Number of states with high obesity almost doubles in 2 years
The number of states where at least 35% of residents are obese has nearly doubled since 2018, according to data released by the Centers for Disease Control and Prevention.
Driving the news: Obesity rates in 16 states have now reached levels considered high by the CDC. That is up from 12 states in 2019 and nine in 2018.
- Delaware, Iowa, Ohio and Texas reached the 35% threshold in 2020, the CDC said.
- Those states join Alabama, Arkansas, Indiana, Kansas, Kentucky, Louisiana, Michigan, Mississippi, Oklahoma, South Carolina, Tennessee and West Virginia.
The big picture: Obesity in adulthood can pose several health risks such as heart disease, stroke and Type 2 diabetes, per the CDC.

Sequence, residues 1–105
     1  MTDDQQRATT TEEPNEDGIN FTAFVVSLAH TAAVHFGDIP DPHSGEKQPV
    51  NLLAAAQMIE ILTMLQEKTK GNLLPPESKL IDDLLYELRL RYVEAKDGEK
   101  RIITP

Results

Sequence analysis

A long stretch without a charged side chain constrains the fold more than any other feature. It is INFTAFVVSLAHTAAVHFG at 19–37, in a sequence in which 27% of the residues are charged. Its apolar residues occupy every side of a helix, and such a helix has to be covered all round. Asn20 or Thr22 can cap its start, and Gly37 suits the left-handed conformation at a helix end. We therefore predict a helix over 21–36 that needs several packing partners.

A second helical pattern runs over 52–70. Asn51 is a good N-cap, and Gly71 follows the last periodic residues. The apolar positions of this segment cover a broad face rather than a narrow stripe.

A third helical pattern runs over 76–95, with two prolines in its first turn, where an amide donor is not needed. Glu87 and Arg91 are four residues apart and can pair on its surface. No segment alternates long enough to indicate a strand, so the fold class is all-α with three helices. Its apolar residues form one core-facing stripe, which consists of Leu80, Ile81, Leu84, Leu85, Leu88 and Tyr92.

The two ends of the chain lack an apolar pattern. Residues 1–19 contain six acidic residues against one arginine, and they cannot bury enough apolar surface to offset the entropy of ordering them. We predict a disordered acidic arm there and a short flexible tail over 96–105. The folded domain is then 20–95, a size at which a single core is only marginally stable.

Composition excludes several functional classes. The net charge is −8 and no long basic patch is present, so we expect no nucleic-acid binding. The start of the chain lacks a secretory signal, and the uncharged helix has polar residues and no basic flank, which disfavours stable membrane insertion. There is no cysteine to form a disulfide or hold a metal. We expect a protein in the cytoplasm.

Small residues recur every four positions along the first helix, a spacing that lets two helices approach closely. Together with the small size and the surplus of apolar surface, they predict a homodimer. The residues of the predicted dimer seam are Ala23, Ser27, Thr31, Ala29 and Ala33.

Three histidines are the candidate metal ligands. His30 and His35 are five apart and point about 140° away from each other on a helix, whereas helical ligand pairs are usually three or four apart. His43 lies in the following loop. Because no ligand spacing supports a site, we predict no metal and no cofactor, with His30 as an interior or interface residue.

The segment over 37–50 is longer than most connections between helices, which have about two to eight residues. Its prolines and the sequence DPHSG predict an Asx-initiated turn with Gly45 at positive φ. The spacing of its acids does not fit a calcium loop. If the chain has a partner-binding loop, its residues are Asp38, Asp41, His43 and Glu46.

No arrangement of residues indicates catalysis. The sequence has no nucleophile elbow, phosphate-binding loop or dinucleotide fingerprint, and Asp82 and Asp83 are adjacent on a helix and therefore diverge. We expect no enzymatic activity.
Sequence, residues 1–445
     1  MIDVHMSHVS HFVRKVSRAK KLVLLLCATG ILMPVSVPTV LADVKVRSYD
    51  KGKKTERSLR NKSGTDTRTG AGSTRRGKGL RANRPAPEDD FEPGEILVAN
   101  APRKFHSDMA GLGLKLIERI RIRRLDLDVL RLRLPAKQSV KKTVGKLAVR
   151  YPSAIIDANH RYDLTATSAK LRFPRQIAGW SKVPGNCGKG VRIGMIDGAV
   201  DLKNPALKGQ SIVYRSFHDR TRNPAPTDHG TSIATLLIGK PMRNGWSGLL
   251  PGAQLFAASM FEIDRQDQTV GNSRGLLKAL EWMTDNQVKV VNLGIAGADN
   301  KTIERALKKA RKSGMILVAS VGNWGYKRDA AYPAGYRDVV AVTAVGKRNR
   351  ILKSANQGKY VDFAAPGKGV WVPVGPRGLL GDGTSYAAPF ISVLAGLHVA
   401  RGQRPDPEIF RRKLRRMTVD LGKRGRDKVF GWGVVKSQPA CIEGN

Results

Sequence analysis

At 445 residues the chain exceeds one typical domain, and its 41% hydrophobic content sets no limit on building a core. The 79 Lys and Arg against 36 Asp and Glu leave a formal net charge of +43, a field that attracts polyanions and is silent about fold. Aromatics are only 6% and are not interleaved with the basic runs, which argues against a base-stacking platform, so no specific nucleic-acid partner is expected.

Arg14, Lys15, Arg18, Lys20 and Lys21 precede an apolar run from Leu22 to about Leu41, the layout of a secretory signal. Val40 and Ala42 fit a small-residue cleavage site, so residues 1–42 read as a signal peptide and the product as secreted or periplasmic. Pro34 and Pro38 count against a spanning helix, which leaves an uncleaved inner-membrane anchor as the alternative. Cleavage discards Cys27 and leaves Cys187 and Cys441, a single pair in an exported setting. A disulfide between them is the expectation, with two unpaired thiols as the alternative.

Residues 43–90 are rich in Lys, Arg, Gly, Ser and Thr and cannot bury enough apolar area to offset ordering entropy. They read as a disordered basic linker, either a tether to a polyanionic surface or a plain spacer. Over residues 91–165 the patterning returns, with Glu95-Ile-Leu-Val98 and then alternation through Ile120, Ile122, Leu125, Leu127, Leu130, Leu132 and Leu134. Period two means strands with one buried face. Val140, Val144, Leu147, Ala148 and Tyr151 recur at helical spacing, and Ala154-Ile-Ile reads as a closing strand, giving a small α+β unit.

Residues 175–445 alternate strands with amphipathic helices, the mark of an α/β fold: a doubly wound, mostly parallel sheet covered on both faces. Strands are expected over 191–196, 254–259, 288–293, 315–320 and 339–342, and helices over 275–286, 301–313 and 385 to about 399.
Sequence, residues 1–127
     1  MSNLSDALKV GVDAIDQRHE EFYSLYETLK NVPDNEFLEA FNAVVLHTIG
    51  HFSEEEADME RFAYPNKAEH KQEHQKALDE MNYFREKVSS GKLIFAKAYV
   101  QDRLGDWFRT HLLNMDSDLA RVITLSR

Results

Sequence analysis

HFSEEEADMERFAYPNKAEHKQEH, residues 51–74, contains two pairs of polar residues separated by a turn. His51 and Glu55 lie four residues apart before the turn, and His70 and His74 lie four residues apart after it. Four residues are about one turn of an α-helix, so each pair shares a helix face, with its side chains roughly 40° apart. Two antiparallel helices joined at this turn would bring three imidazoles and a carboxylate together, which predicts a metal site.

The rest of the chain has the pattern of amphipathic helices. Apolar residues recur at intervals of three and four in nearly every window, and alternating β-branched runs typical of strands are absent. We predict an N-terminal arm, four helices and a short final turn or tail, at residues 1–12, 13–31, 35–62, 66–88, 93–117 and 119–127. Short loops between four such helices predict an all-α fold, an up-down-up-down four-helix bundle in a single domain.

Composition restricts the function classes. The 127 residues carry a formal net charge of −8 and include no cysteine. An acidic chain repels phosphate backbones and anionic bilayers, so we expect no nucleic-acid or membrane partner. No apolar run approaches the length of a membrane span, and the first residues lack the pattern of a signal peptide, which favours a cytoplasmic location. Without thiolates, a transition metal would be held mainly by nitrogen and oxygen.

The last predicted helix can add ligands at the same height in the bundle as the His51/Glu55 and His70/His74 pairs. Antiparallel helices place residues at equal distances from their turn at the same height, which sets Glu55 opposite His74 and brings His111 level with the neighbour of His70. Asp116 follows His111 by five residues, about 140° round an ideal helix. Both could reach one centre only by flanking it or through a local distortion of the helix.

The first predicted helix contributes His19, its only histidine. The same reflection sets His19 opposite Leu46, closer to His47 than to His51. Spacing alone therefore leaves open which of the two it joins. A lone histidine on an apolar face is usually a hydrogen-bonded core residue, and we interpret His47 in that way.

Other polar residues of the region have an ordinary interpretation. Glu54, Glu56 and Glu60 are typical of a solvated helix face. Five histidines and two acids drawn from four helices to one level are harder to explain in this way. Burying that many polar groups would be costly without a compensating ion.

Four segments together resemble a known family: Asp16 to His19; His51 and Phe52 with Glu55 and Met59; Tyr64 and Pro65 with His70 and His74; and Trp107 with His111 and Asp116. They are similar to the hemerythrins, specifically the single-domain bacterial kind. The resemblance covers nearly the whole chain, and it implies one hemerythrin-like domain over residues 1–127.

- The CDC has warned that obesity increases the risk of severe illness from COVID-19.
By the numbers: All states and territories have more than 20% of adults with obesity, according to the CDC.
- Combined data from 2018 to 2020 found notable racial disparities, with states reporting higher rates of obesity among Black and Hispanic residents.
- The Midwest and South had the highest prevalence of obesity, with both at a rate of about 34%, per the CDC.
What they're saying: "To change the current course of obesity will take a sustained, comprehensive effort from all parts of society," a statement from the CDC read.
- "These maps help by showing where we need to focus efforts to prevent obesity and to support individuals with this disease."